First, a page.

City of Long Beach workers on Friday finally put back the lifeguard station on National Boulevard beach that was knocked off its foundation and slammed into the boardwalk during Tropical Storm Irene.
The power of the storm pushed ocean water through the 10-to15-foot beach berms that were formed on the beach in front of the lifeguard station. And the winds managed to uproot the fixed lifeguard station.
“This is not the first time a storm has taken it from the foundation, but putting it back was very important,” City Manager Charles Theofan said. “It has sentimental value to the hundreds of lifeguards that have served the city.”
With the help of two 65-ton cranes arching over the boardwalk, the 29-year-old station was picked up and placed onto two 4-by-14-inch wooden grade beams. It took about 17 minutes on Friday morning to complete the move, which will cost the city about $25,000, Theofan said.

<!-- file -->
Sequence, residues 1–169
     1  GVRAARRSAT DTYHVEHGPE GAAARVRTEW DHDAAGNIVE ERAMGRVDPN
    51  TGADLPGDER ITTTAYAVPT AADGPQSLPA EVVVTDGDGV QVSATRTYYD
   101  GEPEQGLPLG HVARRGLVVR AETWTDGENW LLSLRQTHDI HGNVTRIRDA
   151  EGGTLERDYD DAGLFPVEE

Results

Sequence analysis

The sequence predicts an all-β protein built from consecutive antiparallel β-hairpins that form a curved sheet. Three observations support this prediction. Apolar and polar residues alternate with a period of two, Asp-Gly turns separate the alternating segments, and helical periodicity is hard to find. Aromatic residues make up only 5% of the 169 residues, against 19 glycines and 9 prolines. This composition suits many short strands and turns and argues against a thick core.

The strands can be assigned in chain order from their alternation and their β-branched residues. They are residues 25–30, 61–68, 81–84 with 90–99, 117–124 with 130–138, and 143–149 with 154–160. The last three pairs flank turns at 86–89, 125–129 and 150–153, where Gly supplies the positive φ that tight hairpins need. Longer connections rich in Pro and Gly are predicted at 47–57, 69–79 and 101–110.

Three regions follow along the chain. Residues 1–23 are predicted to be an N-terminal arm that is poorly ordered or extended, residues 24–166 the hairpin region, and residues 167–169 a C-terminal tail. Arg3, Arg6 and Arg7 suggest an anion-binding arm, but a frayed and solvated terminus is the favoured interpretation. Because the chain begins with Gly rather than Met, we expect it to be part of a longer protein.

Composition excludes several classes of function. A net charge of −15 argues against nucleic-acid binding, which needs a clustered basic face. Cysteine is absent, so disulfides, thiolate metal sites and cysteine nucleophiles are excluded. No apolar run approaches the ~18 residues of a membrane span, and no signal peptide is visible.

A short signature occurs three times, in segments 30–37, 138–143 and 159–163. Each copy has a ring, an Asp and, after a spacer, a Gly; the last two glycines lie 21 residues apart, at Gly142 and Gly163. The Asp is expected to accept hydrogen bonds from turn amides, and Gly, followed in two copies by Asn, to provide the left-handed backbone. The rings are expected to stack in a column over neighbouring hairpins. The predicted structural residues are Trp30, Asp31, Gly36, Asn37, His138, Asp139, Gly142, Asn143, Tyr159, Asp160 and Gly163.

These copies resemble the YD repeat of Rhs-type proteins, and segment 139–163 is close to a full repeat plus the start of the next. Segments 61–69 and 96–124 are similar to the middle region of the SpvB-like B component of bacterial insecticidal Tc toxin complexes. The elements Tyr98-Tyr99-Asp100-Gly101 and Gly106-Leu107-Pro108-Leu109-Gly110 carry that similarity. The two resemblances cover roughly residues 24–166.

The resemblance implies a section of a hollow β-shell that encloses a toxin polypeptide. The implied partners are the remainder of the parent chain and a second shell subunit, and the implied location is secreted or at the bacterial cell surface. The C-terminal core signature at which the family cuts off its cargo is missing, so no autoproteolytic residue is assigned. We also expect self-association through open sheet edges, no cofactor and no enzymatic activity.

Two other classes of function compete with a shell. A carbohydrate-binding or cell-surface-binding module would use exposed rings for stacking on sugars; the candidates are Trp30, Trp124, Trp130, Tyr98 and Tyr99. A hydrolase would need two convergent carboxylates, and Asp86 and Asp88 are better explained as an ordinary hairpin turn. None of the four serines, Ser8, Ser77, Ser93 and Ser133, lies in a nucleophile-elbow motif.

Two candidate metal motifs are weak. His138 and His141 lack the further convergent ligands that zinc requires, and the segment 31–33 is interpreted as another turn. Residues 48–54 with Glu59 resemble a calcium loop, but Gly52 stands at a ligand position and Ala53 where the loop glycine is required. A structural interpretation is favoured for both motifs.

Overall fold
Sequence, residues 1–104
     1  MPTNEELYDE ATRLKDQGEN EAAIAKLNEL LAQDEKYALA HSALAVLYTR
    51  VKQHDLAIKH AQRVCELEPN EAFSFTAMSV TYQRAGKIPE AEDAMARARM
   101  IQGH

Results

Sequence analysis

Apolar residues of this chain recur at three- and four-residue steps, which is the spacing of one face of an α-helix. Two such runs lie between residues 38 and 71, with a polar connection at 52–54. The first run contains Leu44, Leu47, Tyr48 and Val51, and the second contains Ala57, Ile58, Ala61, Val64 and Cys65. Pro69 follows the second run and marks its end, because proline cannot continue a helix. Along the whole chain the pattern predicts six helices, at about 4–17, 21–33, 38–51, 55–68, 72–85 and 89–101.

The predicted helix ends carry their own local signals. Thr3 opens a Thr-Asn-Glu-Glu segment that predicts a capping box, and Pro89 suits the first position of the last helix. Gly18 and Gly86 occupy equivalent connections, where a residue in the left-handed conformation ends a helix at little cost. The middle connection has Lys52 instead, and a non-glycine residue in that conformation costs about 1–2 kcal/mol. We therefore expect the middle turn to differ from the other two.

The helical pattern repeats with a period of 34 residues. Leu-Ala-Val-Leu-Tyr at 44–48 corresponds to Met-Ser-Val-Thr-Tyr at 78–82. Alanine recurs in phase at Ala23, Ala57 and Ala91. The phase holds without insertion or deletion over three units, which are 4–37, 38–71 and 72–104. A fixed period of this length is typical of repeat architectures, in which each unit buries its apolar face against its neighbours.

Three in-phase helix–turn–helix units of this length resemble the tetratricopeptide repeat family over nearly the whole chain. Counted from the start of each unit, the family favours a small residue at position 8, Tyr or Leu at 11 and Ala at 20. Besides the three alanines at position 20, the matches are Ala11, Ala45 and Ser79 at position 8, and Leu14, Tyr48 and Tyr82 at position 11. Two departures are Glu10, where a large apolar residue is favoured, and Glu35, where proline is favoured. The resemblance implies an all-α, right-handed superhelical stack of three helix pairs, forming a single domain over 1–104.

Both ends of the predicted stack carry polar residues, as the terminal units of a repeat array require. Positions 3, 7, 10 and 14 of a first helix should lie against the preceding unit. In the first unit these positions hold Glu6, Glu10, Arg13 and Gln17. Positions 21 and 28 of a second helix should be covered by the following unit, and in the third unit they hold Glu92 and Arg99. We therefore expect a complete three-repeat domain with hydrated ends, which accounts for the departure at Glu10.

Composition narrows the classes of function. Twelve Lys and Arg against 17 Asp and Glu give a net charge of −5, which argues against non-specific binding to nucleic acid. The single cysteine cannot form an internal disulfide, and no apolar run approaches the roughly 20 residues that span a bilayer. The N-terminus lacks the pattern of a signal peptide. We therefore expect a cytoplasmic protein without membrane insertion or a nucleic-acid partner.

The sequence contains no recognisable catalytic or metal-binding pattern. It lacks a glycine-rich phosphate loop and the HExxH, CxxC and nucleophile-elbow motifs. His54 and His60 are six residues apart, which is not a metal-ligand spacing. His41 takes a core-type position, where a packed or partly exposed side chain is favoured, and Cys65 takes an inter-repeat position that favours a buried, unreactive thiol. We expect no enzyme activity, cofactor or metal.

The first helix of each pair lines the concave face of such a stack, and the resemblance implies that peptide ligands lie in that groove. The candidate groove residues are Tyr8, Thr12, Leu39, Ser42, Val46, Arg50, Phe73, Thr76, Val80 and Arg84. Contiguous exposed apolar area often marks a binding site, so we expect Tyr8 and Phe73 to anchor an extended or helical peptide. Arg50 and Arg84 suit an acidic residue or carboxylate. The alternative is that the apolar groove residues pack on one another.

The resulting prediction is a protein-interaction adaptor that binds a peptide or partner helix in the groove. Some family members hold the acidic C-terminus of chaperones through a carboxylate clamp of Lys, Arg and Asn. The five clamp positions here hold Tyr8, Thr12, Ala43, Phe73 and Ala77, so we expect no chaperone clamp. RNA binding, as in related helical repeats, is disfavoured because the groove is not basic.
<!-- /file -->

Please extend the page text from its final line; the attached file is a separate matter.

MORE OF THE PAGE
“We anticipate getting FEMA reimbursement for that,” Theofan said, referring to the Federal Emergency Management Agency.
The lifeguard station was leaning against the boardwalk as the city hosted the Quiksilver Pro New York surfing competition in early September at National Boulevard beach.
Irene forced organizers to push back the original start date of the competition and cancel the festival portion of the contest.